lynne shaffer
Posted: 18 January 2018 14:20:07(UTC)

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I sold my Gateley yesterday for a 50% profit in 16 months as I've read a few lukewarm articles about these shares.

I thought 'strike while the iron is hot' so to speak!
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c brown on 18/01/2018(UTC)
Mr Helpful
Posted: 18 January 2018 15:19:32(UTC)

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King Lodos;55590 wrote:
Stop Loss on HICL Infrastructure at 148.4.
Attractive 5.1% yield on something with low correlation to the market, but Carillion might be saying something about the health of the sector, while HICL's diversification away from PFI contracts seems to be shares (and are these companies I'd buy as a particular sector play at the moment?).
A Stop Loss is a nice way to avoid having to make the decision myself – but it's much nicer holding things I know I'd buy more of on price falls


As we posted at the time, the kerfuffle during the Labour Party Conference, all as reported and analysed on CityWire, caused us to re-assess the sector and then dump HICL and INPP.
Did wonder about the HICL purchase by KL at the time of the purchase, but do not have the chutzpah of a few posters, to voice a contrary opinion.
Am always uncertain !!!

Still holding BBGI and 3IN as long term investments in this troubled sector, at about 80% full weighting. Hope would be able to add on any future serious price weakness; taking note of your last sentence !!!
Still quite fully valued IMHO as is the whole sector.
King Lodos
Posted: 18 January 2018 15:31:13(UTC)

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Well the Labour threat's overstated imo – and brought the yield and discount to an attractive level.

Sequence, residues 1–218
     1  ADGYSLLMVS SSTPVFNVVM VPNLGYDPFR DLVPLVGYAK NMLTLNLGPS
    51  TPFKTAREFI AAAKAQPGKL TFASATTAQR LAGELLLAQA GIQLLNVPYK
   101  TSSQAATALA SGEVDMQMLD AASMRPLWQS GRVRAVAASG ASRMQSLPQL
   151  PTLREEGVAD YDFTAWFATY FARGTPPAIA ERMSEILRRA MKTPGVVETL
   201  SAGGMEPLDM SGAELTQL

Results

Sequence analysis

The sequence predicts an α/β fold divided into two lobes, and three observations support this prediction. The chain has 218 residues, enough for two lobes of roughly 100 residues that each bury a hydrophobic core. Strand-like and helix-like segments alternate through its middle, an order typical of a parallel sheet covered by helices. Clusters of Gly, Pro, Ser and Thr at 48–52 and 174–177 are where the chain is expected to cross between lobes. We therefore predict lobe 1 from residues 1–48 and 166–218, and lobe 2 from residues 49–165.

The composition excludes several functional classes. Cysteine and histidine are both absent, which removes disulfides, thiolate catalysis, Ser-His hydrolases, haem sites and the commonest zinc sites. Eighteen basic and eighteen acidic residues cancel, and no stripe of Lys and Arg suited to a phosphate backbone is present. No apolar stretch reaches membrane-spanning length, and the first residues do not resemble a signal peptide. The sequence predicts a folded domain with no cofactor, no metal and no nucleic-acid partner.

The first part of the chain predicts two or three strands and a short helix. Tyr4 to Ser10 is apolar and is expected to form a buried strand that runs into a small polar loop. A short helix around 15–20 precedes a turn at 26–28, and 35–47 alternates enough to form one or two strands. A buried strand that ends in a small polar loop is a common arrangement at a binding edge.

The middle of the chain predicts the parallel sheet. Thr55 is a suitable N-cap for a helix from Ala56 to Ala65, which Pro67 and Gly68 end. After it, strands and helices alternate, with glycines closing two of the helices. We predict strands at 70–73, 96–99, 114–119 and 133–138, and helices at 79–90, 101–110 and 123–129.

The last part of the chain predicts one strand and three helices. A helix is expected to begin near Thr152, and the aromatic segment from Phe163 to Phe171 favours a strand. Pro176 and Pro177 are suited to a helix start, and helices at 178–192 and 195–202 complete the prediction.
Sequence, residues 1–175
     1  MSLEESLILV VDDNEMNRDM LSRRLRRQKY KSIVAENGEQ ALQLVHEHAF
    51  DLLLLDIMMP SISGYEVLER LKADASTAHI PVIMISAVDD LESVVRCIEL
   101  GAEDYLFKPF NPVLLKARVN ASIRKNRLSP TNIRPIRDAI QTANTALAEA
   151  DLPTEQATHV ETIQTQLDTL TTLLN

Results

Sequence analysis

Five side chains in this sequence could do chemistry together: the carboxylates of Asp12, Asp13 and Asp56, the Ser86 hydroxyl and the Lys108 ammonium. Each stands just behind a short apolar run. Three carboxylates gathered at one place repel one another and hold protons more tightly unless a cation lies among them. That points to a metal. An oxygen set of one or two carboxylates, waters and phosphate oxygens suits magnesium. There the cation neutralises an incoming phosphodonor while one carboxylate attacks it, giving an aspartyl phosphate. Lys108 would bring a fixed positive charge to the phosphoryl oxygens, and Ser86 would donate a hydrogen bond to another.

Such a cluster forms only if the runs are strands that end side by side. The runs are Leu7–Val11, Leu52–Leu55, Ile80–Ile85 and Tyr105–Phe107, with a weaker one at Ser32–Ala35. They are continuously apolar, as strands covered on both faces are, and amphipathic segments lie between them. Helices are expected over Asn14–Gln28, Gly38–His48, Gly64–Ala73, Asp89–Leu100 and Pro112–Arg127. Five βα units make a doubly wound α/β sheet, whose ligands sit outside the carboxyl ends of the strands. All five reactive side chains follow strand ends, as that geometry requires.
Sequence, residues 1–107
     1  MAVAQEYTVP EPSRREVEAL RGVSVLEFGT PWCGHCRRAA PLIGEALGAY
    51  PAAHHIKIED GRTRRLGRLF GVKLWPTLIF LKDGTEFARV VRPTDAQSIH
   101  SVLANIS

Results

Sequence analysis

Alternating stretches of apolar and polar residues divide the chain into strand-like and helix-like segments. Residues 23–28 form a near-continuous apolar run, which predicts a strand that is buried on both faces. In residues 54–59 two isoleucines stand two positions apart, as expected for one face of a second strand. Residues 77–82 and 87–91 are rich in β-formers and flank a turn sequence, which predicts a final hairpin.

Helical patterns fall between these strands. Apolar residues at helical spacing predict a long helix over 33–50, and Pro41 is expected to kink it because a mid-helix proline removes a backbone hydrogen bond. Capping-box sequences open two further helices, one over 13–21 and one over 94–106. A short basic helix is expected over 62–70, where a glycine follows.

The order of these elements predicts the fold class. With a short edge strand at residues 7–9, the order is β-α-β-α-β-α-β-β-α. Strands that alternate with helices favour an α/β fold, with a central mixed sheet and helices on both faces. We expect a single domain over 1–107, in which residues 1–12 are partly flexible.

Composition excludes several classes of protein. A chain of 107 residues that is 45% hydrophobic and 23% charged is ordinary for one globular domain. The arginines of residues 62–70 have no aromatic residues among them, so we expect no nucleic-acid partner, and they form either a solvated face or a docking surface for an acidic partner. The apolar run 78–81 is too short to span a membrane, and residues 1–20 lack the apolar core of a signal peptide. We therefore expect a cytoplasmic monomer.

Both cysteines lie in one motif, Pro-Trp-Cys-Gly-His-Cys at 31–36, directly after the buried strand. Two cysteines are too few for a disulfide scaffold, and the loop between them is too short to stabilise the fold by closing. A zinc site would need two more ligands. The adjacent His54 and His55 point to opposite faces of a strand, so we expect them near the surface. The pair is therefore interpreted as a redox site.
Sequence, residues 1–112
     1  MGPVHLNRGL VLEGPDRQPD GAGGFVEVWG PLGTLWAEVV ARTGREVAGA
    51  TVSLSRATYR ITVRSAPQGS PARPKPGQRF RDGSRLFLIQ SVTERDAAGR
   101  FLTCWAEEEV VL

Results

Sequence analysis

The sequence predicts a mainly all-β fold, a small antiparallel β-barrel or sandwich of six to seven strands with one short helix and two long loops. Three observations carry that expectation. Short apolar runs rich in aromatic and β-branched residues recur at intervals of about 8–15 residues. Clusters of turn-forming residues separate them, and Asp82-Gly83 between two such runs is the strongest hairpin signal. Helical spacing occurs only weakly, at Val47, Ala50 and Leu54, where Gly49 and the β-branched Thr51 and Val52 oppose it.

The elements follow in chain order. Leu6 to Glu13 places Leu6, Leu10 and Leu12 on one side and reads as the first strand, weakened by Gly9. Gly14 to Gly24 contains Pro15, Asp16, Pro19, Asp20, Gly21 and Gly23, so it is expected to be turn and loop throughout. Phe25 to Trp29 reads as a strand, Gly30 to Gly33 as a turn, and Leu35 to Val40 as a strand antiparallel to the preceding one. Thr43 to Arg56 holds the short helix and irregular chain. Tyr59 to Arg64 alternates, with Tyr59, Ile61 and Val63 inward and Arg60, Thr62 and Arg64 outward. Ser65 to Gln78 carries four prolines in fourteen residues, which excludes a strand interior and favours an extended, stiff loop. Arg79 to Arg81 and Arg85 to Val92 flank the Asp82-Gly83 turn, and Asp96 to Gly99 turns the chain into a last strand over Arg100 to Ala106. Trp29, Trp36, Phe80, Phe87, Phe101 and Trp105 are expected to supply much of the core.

But Carillion's just the inherent riskiness of any investment .. Two bad points and it's stop loss time
2 users thanked King Lodos for this post.
Mr Helpful on 18/01/2018(UTC), dlp6666 on 19/01/2018(UTC)
dyfed
Posted: 18 January 2018 16:42:59(UTC)

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Just bought HICL and topped up JLIF which I bought recently at slightly below today's price.
I was involved in a couple of PFI/PPPs and find it hard to believe that any government buy-outs will do other than cause an early wind up at an advantageous price for the private-sector partners.
The risks I think are:
- the SPVs that run most PFIs often turn out to be unequal, with one company (e.g. the catering provider in a hospital) getting a worse deal than it's partners but no mechanism to share the pain. My guess is that Carillon's partners in established PFIs will find another player and so continue to service the contract and their capital debt (which is mainly what I am buying) albeit they may make a smaller margin